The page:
You can leave assets to your grandchildren just as you can leave them to your children. But just because it's legally allowed doesn't mean the legal process is exactly the same, or that such a transfer is without its legal quirks.
Because there is a greater likelihood that your grandchildren will be minors when you create your estate plan, you may have additional concerns as well as additional options when creating trusts and gifts. Here are a few things to consider when leaving assets to grandchildren.
Most grandparents are concerned with funding their grandchildren's educations. And there are certain state and federal laws designed to facilitate that. A 529 plan, authorized by Section 529 of the Internal Revenue Code and offered through all public and some private colleges and universities, is a savings plan for future college expenses. A pre-paid tuition plan can lock in the price of tuition, while a college savings plan can cover all "qualified higher education expenses," and the contributions to both are exempt from federal taxes.
Additionally, just about every state has a Uniform Gifts to Minors Act (UGMA) or Uniform Transfers to Minors Act (UTMA) statute that covers asset transfers to minors. You can set up an account under these statutes and make tax-free contributions that can be used for education or other expenses.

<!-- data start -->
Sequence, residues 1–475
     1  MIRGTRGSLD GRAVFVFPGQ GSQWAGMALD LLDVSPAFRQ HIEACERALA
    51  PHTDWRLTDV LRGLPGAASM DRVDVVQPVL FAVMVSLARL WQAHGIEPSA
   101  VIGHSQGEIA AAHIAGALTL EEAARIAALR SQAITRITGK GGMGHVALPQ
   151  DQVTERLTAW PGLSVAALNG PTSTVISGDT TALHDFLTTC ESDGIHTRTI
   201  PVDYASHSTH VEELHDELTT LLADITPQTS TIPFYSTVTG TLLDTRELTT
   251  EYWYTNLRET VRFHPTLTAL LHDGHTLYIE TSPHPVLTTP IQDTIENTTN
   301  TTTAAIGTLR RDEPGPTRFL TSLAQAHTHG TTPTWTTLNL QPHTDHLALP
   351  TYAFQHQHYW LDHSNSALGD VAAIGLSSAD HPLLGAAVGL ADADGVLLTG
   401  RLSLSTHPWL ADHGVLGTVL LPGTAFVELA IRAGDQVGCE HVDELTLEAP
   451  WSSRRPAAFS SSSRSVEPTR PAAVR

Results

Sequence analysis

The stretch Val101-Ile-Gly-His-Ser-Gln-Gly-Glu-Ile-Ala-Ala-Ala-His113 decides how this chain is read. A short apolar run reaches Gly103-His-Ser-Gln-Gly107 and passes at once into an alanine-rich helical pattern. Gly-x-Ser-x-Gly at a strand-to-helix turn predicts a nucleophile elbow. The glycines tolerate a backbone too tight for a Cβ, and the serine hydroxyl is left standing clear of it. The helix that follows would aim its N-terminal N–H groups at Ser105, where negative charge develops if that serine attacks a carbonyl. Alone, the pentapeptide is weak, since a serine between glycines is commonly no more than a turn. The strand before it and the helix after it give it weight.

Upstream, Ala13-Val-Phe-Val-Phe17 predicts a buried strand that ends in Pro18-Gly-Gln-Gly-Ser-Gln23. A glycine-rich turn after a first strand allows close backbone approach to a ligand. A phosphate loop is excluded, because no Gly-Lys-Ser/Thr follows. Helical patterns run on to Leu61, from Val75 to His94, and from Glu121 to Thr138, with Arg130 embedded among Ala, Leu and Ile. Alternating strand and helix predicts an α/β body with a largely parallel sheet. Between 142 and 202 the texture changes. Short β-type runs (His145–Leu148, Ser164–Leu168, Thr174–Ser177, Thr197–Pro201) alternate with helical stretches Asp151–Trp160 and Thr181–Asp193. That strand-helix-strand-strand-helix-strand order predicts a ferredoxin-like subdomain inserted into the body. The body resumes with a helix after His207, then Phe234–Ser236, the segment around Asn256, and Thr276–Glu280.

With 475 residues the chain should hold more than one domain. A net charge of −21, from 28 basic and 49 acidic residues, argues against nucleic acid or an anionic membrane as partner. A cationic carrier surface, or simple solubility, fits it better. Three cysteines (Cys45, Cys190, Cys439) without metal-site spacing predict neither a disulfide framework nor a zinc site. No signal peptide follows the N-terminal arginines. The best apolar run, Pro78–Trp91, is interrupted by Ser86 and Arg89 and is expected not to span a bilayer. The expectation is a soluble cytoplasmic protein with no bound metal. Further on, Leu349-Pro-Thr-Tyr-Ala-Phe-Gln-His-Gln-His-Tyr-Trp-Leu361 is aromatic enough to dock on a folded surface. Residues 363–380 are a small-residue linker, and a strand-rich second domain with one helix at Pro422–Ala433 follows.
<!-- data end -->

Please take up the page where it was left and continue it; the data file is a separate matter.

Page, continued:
As you're probably aware, there are a plethora of trusts through which you can transfer assets. But there are three in particular that could be especially useful when transferring those assets to grandchildren:
- Generation-Skipping Trusts -- trusts designed to be distributed to non-spouse beneficiaries two or more generations younger than the donor, without being subject to the generation skipping transfer (GST) tax;
- Credit Shelter Trusts -- trusts also designed to bypass the surviving spouse's estate, therefore making full use of each spouse's federal estate tax exclusion; and
- Irrevocable Life Insurance Trusts (ILITs) -- trusts comprised of life insurance benefits, transferred upon a grandparent's death without passing through probate.
If you have further legal questions or want help setting up a trust to leave assets to your grandchildren, you should contact an experienced estate planning attorney near you.
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